Sfogliatelle Index Crashes, Deepening Economy's Woes
Are you scared? Really scared? Has the incessant media drumbeat convinced you that economic doom is as certain as being buried under a ten foot snow drift from the snowstorm of the century bearing down on your city right now (News at Eleven)!
Well, things just got worse.
Friday night I witnessed a sight that chilled me deeper than the global warming-induced freeze that has settled over New England. Strolling Boston’s historic North End, home to the finest Italian restaurants in the Bay State, I ducked into Mike’s Pastry ready to use my secret locals’ trick to bypass the clamoring crowd, and instead walked right up to the counter and bought a sfogliatelle. (For those sad few who have never experienced this sweet-cheese crunchy delight, it’s pronounced sfol-j'ah-TEL-e.)
I walked right up to the counter! At Mike’s Pastry, second in fame only to the Old North Church where Paul Revere espied his lanterns! I didn’t have to do that neat trick of slinking along the left past the clueless mob until I could catch the eye of a harried server always ready to conspire with a patron who actually knows what he wants. Mike’s Pastry, from which a steady flow of little white bakery boxes emanates like a mighty river one can follow back upstream anytime from anywhere in the city.
I was so dumfounded when not one but two servers asked me what I wanted I could barely blurt out “two sfogliatelle with powdered sugar” before forking over all the singles in my wallet and beating a panicked retreat.
Don’t worry about the Producer Price Index, the National Purchasing Managers Index, the Consumer Confidence Index, or the Durable Goods Order Report.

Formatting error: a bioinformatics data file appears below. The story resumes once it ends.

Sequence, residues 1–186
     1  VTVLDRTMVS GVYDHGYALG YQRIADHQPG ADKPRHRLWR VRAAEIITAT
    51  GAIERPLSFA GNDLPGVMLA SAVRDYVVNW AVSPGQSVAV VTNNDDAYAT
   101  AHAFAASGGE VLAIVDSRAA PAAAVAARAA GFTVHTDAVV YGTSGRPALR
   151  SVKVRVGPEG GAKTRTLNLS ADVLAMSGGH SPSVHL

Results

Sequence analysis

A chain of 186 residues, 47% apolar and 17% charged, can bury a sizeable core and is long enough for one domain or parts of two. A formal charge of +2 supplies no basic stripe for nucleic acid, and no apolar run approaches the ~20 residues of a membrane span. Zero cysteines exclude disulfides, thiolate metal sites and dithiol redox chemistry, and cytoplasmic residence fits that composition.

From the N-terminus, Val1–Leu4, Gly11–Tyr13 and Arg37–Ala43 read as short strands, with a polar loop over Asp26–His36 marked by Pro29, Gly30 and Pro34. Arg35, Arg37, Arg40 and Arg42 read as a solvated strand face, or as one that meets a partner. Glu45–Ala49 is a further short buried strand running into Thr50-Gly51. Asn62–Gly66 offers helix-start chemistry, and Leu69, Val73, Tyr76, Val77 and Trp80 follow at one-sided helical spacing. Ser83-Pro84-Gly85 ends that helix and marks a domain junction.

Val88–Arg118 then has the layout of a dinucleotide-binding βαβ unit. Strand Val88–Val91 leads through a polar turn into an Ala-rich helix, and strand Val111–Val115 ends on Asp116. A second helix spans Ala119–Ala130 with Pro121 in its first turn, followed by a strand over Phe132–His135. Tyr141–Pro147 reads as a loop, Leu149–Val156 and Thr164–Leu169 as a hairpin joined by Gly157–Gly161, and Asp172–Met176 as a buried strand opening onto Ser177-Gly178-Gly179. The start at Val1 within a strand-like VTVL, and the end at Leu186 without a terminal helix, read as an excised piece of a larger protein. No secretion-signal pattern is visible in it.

The Sfogliatelle Index has hit the skids!
After a sleepless night I was encouraged by early morning reports on NPR that Congress was already swinging into action. “We will not let this critical economic engine of our fair city succumb to a decline in demand,” intoned Representative Blarney Flank. “I have on my desk an amendment to the TARP program that will finance the distribution of two-and-a-half billion sfogliatelle coupons to all those made hungry by greedy mortgage bankers and overpaid Wall Street CEOs.”
Before I could jump for joy and ask where I could apply for my coupon, my hopes were dashed. Congressional hearings had apparently been scheduled by Pennsylvania Senator R. Len Spectacle for that afternoon to investigate the impact of the proposed Sfogliatelle Amendment on the Philadelphia-based Tastykake Corporation. “It is important – no imperative – that in these troubled times we consider the needs of all of our essential confectioners.”
I sensed gridlock coming. Surely, the sfogliatelle advocates could muster 60 votes to break any filibuster threats mounted by mere Tastykake eaters trying to muscle in on my coupons?
Before I could search for Representative Flank’s number to phone in my support and get invited to a fund raiser, an ominous voice from the TV told me how serious this crisis had become.
“Two-and-a-half billion confection coupons is not nearly enough,” Nobel Prize winning guru Paul Klugman bellowed as he whipped a crowd of finance groupies into a frenzy. “We must consider the multiplicative effects of a decline in confection consumption on the entire agribusiness supply chain both in the US and abroad. Have we not learned from our experiences in the Great Depression that failure to spend our way out of poverty can only impoverish our spenders!”
This appeal to my patriotism made me want to sneak out for another sfogliatelle. But why pay Mike’s outrageous prices when a coupon was only a few votes away? Let those dumb Philadelphians have their nasty Tastykake coupons too, it’s not like they’re spending my money.
As the day wore on and the Financial News Network reported blow-by-blow details of the emerging consensus surrounding the National Confectioners Consumption Preservation Bill, I pined for the simpler days when a sfogliatelle was just a sfogliatelle and not a national priority. But I suppose that as long as this new era of comity and bipartisanship prevails, I can rest easy knowing that the planners of every detail of our economic future know exactly what they are doing.